Reader Gordon said: “We keep looking in the rear-view mirror and think in cycles, charts, patterns and investing history. But the debt world has advanced greatly and as stated, the bull market has raged for some six years now. Maybe one should consider that, with all the debt and bad bank and government decisions, we could be looking at a prolonged nuclear bear market.”
Reader Michael said there are other factors to consider: “It seems there should be more analysis of demographics, sovereign debt, private and personal debt, and unfunded liabilities of city, county, state, and federal governments. The impacts indicate the need for de-leveraging no matter how much central bankers/governments attempt to avoid it.
“At the core is the demographics of now. Population growth begets growth and the reverse is also true — i.e., Japan.”
Finally, Reader F151 said: “The day of reckoning for the central bankers has finally arrived. Janet Yellen was totally befuddled last week before Congress. Her message was nonsensical. I almost feel sorry for her as she will be pilloried long before this is over.
“She is in way over her head, but I do not think Greenspan or Bernanke would do any better. She should resign and get out while she still has a shred of sanity. Obama has doubled our national debt to almost $20 trillion and as a result, there will be few options and things will be bad … very bad.”
I appreciate the comments. I tend to agree that the overhangs of government and private debt are major challenges here. Corporations have also been borrowing like mad to buy back stock and buy competitors. Plus, we’ve seen huge buildups in subprime auto lending, commercial real estate lending, and other risky subsectors of the finance industry.
We’ll see if stocks can overcome all of those obstacles for more than a few days. Personally, I remain skeptical. Whether you agree or disagree, I’d love to hear about it in the discussion section.
The home security firm ADT Corp. (ADT) is selling out — to Apollo Global Management (APO) for $6.9 billion. The private-equity firm is paying a 56% premium to where ADT was trading before news of the deal broke. Apollo already owns the Protection 1 security firm, and will fold ADT’s operations into that business.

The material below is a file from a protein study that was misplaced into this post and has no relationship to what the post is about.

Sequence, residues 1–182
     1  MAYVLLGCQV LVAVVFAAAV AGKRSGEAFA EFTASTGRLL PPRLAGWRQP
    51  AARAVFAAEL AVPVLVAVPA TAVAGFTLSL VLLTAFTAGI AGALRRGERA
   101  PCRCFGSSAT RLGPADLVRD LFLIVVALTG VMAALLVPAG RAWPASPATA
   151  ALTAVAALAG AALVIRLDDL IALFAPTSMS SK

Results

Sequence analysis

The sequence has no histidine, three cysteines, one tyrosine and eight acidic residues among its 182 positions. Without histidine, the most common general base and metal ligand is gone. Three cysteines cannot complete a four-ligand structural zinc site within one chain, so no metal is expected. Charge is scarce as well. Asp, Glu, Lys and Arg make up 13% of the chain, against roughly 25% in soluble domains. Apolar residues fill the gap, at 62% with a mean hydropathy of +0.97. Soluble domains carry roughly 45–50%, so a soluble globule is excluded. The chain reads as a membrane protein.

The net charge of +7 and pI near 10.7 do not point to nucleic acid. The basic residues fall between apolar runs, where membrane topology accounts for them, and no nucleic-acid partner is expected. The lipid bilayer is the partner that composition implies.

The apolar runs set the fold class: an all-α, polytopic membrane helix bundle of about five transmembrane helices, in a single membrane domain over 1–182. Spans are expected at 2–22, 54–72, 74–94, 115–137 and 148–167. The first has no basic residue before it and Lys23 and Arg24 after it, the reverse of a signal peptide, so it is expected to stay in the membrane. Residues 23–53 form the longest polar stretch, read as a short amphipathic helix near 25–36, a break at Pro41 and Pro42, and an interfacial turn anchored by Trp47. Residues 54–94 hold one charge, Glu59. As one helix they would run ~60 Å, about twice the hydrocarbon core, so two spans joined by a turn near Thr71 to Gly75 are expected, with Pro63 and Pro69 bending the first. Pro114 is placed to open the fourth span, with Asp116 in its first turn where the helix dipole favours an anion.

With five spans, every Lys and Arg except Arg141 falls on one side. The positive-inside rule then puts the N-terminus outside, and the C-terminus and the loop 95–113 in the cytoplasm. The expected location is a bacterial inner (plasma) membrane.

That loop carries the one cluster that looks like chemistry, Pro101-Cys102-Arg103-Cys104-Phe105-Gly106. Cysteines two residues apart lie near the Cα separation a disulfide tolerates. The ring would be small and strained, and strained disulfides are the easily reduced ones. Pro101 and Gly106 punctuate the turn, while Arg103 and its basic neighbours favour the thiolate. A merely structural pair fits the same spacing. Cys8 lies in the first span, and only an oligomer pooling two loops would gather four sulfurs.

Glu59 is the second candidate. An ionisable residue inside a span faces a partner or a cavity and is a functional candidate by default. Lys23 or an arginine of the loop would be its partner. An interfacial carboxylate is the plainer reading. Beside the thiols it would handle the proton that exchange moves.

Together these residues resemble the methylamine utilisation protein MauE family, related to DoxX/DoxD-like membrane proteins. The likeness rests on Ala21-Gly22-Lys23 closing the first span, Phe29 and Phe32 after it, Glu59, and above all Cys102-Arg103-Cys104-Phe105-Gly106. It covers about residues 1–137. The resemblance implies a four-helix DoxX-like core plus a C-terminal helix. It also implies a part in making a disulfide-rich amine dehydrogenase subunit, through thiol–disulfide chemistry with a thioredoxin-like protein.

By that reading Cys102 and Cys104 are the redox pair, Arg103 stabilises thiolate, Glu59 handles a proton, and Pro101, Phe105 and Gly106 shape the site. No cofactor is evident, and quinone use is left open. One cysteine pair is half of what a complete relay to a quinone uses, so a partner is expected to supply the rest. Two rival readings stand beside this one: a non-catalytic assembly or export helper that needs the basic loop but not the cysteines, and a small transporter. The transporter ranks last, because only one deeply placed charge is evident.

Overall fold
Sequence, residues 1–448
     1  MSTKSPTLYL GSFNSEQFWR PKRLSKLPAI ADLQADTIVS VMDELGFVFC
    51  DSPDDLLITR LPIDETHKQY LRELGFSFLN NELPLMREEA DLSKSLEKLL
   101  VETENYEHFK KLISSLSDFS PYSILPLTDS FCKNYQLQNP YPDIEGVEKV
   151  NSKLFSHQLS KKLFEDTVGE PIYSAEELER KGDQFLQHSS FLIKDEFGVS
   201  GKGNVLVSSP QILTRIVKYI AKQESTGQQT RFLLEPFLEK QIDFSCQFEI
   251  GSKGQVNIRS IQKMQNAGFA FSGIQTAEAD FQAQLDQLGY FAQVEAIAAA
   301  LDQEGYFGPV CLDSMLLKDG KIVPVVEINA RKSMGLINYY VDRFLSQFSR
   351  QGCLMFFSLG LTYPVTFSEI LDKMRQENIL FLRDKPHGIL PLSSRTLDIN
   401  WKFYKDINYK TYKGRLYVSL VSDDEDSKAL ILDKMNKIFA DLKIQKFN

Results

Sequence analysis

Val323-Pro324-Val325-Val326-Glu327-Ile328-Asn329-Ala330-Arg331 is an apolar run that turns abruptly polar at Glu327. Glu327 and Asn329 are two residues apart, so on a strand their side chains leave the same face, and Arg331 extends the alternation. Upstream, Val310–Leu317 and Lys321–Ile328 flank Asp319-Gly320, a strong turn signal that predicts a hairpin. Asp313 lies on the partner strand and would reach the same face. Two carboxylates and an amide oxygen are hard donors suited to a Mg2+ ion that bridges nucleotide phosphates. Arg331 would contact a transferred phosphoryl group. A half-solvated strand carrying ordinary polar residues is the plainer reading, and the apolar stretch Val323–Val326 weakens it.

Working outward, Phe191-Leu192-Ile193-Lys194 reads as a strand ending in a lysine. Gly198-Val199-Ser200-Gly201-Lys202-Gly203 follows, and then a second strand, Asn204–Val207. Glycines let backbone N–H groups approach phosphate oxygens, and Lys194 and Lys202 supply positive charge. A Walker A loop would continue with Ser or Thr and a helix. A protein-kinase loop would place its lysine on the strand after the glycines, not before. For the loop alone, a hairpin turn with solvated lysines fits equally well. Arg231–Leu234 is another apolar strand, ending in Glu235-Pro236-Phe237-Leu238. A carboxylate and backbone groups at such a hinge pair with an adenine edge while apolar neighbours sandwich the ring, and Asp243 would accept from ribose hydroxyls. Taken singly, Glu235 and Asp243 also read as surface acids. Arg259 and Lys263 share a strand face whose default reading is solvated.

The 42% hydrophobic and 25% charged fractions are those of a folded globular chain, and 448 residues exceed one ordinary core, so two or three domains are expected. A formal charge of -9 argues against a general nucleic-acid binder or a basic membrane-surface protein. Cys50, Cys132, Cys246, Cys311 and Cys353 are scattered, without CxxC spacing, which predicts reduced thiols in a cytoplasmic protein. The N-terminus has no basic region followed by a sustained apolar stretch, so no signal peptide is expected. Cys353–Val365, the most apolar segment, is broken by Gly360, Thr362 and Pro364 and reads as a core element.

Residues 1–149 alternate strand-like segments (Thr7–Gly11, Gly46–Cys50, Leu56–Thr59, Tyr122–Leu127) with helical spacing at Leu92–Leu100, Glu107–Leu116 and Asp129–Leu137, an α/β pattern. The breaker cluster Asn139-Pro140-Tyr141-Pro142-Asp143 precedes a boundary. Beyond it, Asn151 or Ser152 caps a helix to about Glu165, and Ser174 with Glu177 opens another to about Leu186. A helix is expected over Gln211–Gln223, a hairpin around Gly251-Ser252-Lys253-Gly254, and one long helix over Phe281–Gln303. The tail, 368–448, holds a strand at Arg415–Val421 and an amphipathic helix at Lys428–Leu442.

China joined the chorus of countries claiming there’s much more they can do to stave off economic weakness. People’s Bank of China Governor Zhou Xiaochuan spoke out to defend the yuan currency, while the country’s premier, Li Keqiang, pointed to “a lot of tools in the box” that could be used to boost growth. I feel like I’ve seen this movie before, but I’m curious if you think they’re right — or if China’s economy is destined for weakness no matter what.
Supreme Court Justice Antonin Scalia died of natural causes over the weekend, and now the race is on to replace him. President Obama could choose to nominate a more liberal judge, but Republicans in Congress are vowing to fight any such nomination. Will Obama name a replacement anyway, and dare Congress to stand in the way? Or will a vacancy remain until the next president takes office? We shall see.
Uh oh. This Bloomberg opinion piece from Mohamed El-Erian used the “c” word to describe the banking sector chaos – “contained” in the headline and “containable” in the copy. El-Erian is a former Pimco bigwig, frequent CNBC guest, and the current chief economic adviser at insurance giant Allianz. I haven’t seen our current Federal Reserve chairman or Treasury secretary use that infamous term from the housing/mortgage crisis yet … but I’ll be watching!
So what do you think: Is the banking turmoil going to be “contained,” or are policymakers and analysts whistling past the graveyard (again)? Is China going to be able to jump-start growth effectively here? Will we see more private-equity takeovers like the ADT deal going forward? Or are tightening credit conditions going to put the kibosh on that business? Again, the comments section is a great outlet for your thoughts.
Until next time,
P.S. Asia is collapsing. Europe is falling apart. U.S. stocks look like they could crash and burn at any moment, without notice.